Take-all is usually more severe in lighter soils, with higher pH, and low fertility. Generally, the earlier infection takes place, the more disease and the greater the yield loss at harvest. Thus, infections of young plants soon after planting result in the most severe yield losses. Moisture retaining, poorly drained soils or abnormally wet weather, especially in the second half of the growing season, favors the development of the disease. Take-all is reduced by maintaining adequate levels of N, P and K for crop growth. Nutritional stress imposed by overwintering loss of nitrogen (N) is a serious predisposing factor for this disease. Spring applications of N normally suppress this disease. Recent research has shown that ammonium (anhydrous ammonia and urea) and the use of denitrification inhibitors (N-serve, nitropyrin, etc.) will suppress take-all. Slow release forms prevent N loss by leaching and denitrification. Nitrate forms of nitrogen tend to increase the severity of the disease.
Figure 2. Plants infected by the take-all fungus. Note the blackened roots and stem bases of these plants.
1. There are no varieties of wheat available with a high degree of resistance. Varieties claimed to be tolerant tend to show fewer white heads, but yield losses can still be great.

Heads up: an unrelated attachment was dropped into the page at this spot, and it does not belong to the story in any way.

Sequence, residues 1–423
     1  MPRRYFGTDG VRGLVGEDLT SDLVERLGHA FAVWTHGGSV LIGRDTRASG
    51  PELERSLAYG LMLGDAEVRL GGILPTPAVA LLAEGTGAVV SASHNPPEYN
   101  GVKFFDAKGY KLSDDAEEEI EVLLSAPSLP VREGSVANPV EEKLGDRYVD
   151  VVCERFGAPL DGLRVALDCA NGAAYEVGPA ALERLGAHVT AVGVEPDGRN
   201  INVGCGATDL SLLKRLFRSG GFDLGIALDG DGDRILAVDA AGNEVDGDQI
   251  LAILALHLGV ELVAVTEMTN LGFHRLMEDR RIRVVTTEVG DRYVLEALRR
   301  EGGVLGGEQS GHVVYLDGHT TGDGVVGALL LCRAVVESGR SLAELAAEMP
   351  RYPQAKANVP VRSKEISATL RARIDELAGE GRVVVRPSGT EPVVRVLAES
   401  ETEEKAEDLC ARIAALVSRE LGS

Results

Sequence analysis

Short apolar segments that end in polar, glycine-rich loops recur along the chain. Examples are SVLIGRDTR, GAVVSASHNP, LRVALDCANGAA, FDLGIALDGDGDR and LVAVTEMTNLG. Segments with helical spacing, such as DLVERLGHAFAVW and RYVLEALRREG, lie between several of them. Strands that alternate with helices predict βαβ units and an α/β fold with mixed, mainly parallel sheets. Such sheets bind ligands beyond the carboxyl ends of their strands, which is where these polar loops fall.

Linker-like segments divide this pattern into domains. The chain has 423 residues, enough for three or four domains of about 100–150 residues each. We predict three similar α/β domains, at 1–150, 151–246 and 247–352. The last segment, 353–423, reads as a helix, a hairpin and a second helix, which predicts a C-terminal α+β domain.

2. Crop rotation is the most practical, economical and successful means of control of take-all. Rotations with soybeans, other legumes, or corn is most satisfactory. A rotation with two years between wheat crops is highly recommended.
3. Control grassy weeds, especially quackgrass. Since the take-all fungus survives from year to year on grassy weeds, elimination of these weeds and volunteer wheat will reduce inoculum levels in the field.
4. Lime: Applications of lime immediately prior to planting wheat generally increases take-all. A pH of 7.0 or above is most favorable for disease development. Lime should not be applied before planting except when aluminum toxicity has been a problem.
5. Fertilizer: Adequate amounts of N, P and K should be applied at planting to ensure good root growth. If nitrogen is divided between fall and spring applications, 15 to 20 lb of N should be applied in the fall prior to planting. Nitrate fertilizer generally increase the severity of take-all compared to ammonium and slow release forms. Do not over fertilize with nitrogen. High rates of N may increase the susceptibility of wheat to other diseases.
6. Planting date: Take-all is favored by very early plantings, as are several other wheat diseases. Plant after the Hessian fly-safe date recommended for your area.
7. If there is no legume underseeding, plow down wheat residues as soon as possible after combining to enhance residue decomposition and to control volunteer wheat.